“Tom was raised in a Christian home. He made a decision to become a Christian when he was twelve years old and was baptized in his Baptist church the next Sunday. He eventually became a leader in his youth group, sang in the church choir and suprised no one when he went to a Christian college, where he majored in biblical studies. During college Tom helped out in a local church youth group and seemed to have a special gift for working with teenagers. After graduating, he had several offers from churches and parachurch groups to help direct their youth ministries.
“In his new job Tom experienced tremendous success by all measurable standards. The kids loved him, the parents appreciated him, and his youth group grew in numbers as well as spiritual maturity. He married his college sweetheart, who was devoted to Tom and to the ministry that they shared. For ten years things seemed to be perfect.
“One day Tom stunned his supervisor by saying that he was resigning. The supervisor braced for the worst. He asked, ‘Why?’ when what he wanted to say was, ‘Have you sinned morally?’ Tom smiled knowingly and said, ‘No, it isn’t what you are thinking. It’s worse. I don’t know if I still believe everything I say. I’m no longer certain who God is, and I can’t pretend.’ After a series of long theological debates with the supervisor, late-night conversations with his wife and an extended leave of absense from his work, Tom left the ministry and enrolled in an MBA program. There was no crisis in his life that precipitated this loss of faith. He just stopped believing.
“After finishing his graduate training, Tom got a good job with a manufacturing plant and maintained loving commitments to his family. He was supportive of raising their children in a local congregation and continued to sit in worship with his wife, who became a leader in the church’s ministry. Every Sunday the congregation would stand and recite the Apostles’ Creed. Tom could never get through the opening line, ‘I believe in God.’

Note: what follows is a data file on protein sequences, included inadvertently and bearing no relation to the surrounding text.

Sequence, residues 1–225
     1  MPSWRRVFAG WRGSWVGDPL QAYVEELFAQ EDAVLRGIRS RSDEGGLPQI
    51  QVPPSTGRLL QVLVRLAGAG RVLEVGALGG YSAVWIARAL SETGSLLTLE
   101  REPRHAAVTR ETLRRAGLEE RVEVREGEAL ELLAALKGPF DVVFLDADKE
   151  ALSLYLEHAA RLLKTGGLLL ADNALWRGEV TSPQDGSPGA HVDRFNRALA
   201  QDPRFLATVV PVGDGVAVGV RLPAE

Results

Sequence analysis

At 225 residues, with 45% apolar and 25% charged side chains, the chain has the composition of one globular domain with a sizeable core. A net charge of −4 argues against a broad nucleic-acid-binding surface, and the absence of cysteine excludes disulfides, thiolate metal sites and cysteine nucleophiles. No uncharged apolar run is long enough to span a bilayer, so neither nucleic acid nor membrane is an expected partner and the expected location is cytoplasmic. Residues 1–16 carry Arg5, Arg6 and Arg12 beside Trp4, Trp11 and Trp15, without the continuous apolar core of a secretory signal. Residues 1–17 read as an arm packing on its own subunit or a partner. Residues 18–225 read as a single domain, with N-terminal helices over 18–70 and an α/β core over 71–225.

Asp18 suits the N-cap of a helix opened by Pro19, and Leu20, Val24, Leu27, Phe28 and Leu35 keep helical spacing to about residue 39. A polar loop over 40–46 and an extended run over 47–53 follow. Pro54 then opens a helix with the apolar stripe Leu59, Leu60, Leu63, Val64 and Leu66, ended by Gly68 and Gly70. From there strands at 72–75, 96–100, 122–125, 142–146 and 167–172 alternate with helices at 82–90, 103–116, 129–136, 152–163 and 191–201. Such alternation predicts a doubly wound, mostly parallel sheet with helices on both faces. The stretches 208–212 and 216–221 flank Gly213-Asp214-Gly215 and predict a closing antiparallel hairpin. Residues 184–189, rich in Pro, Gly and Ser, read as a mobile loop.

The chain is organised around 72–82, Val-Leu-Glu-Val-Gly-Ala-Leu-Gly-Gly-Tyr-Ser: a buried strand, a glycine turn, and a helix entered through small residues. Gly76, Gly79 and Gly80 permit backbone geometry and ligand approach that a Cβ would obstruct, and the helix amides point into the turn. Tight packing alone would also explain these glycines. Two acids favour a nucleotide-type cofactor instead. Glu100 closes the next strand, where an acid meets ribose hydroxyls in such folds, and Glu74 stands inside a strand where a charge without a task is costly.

“He never got used to living without faith. If asked, he would say that he was searching for God or whatever it was that was at the bottom of his life. He was quite successful in his career but found little purpose or meaning in it. He did charitable work in the community, but it offered no hope for him or those he served. Many nights he would come home from work to read literature or philosophers or theologians or anyone who had an angle on the truth. For years the search continued, and he found nothing. Eventually he became emotionally and intellectually exhausted. He was tired of his doubts and tired of his search. As he explained to his wife, he had resigned himself to the fact that ‘there was nothing else out there.’
“A professional move took Tom and his family to a new community. Again he followed his wife to church. But this church was different. The preacher was a well-read, silver-haired pastor who had little need to rehearse worn-out Christian jargon from the pulpit. He spoke honestly about doubt and faith as if they were companions and not enemies. He easily quotes French existentalists but always ended his sermons with a passionate love for Jesus. Tom wondered what held this preacher together.
One Sunday morning the sermon text was from the sixth chapter of John. After Jesus had performed many miracles including the feeding of the five thousand and walking on water, a large crowd of disciples began to follow him. Then Jesus spoke some harder words about who he was and where he was heading. Most of the new followers began to complain because they could not understand him or his ‘difficult teachings.’ and so they left. Jesus turned to the Twelve and asked, “Do you also wish to go away?’ It was Peter who responded, “Lord, to whom can we go? You have the words of eternal life’ (John 6:67-68.) It was clear that the disciples did not understand those words any better than the crowd. They just knew there was nothing else.
“Tom sat in the pew and began to weep. So this is it, he thought. His great search had ended not with an illuminating discovery but with a tired whisper. Instead of the intellectual breakthrough to God that he had sought for years, he now knew he would return to the faith simply because there was no place else to go.
“Like Peter, Tom does not understand all of Jesus’ words. He has plenty of doubts but chooses to live as if the words of Jesus are true because he does believe this is the only Savior he has. Also, like Peter, Tom continues to follow this Savior he cannot fully understand. It has to be enough to simply follow.
“After the wise preacher retired, I followed in his pulpit. It has been my joy to inherit the pastoral care he began in the lives of many, including Tom’s family. Not long ago, Tom’s wife approached me at the end of worship with tears of her own and said, ‘Guess who said the Apostles’ Creed today.’
“I have breakfast with Tom from time to time. I very much enjoy our conversations because I like him a great deal and admire his integrity. I also get to watch how faith develops as a response to the silence of God.”